Timeline Description: Half of the legendary survey team, William Clark was an explorer, soldier, territory governor, and Indian agent. He was a father, husband, slave owner, and political man who received many honors for his role in the construction of America.
|August 1, 1770||William Clark was born
The ninth of ten siblings, Clark was born to parents of English and Scottish ancestry. He was born in Caroline County, Virginia to a family of planters who retained modest estates and several slaves.
|March, 1785||The Clark family relocated
After Clark's older brothers were done fighting in the Revolutionary War, Clark, along with his three sisters, parents, and family slaves, moved to Mulberry Hill. The plantation near Louisville, Kentucky was Clark's home until 1803.
|1789||Nineteen year old Clark joined the Northwest Indian War
Clark began to keep a journal of his mission, which soon became a lifelong practice. During his service in the war, Clark was chosen as the captain of the Indiana militia, sent on a mission to talk with the Creek and Cherokee, and served as an acting lieutenant and ensign.
|1794||The Battle of Fallen Timbers
William Clark commanded riflemen in this historic battle that brought the Northwest Indian War to an end. The US victory led to Clark being asked to lead a mission to Missouri to settle arguments with some of the natives.
|July 4, 1796||Clark resigned
Clark resigned from his military position at age 26, due to his waning health. He went back to his family's plantation.
|1803||Meriwether Lewis recruited William Clark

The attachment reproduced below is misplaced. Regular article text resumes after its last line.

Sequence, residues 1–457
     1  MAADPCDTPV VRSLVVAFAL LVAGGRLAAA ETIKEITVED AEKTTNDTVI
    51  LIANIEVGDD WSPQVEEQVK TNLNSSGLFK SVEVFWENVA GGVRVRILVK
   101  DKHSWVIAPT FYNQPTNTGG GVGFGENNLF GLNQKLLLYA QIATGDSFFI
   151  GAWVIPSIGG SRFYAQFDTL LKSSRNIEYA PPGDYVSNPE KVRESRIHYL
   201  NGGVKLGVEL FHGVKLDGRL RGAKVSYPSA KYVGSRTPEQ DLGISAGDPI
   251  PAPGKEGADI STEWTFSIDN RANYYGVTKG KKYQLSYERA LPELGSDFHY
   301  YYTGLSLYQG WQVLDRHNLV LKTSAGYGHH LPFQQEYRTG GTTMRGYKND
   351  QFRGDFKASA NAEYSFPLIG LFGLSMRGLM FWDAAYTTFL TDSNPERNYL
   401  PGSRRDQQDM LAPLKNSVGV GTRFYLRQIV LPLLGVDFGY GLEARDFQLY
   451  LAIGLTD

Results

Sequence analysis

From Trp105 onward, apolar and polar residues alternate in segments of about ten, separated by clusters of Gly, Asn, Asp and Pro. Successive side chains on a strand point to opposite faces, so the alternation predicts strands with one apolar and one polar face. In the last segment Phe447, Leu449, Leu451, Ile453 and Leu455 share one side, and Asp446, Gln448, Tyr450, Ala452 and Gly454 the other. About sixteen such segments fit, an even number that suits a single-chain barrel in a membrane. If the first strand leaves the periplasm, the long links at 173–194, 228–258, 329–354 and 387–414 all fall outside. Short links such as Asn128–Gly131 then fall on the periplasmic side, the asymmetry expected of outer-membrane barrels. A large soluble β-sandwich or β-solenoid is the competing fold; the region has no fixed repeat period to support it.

At age thirty three, Clark was asked by Lewis to share command of the Corps of Discovery. The two led a mission to explore the Louisiana Purchase territory. The expedition lasted three years and Clark was well known for treating the natives and slaves with respect on the expedition.
|1807||Clark became the general of the Louisiana Territory militia and the US agent for Indian affairs.
Clark was chosen by President Jefferson. It was his assignment to create trading posts in territory that was settled by Native Americans. Clark created his headquarters in St. Louis.
|January 5, 1808||Clark was married
William Clark married Julia Hancock. They went on to have five children over the next ten years.
|September 18, 1809||Clark became a member of the Freemasons
While there was no public record of his initiation, Clark was issued a certificate by Saint Louis Lodge, No. 111.
|1809||The death of Lewis
Clark was often supported in his political conquest by his friend Meriwether Lewis. Upon his death, Clark began drinking, grew lonely, had family problems, and acquired a lot of debt.
|1813||Clark was appointed Missouri territorial governor/ex officio superintendent of Indian affairs
President James Madison offered both Clark and Lewis positions because of their exceptional work on the expedition. Clark served as the longest serving ambassador to Native American people.
|1814||Clark led a War of 1812 expedition
Fort Shelby, the first post in Wisconsin, was established by the expedition of 1814. During this time, he was also appointed by President Madison to the Missouri territory governor.
|1820||Clark's wife passed away
After the death of Julia, Clark remarried. He married Julia's cousin and they had three children together.
|1822||Congress created a new position for Clark
President Monroe appointed Clark to be the Superintendent of Indian Affairs. He was known as the most significant man on Native American issues west of the Mississippi.
|September 1, 1838||Clark died
William Clark died at the age of 68. He was buried in the Bellefontaine cemetery. A thirty five foot marker was erected in his honor.William Clark was known for being a compassionate man, especially in his interactions with the Native Americans. He was posthumously promoted to the rank of a Captain by President Clinton.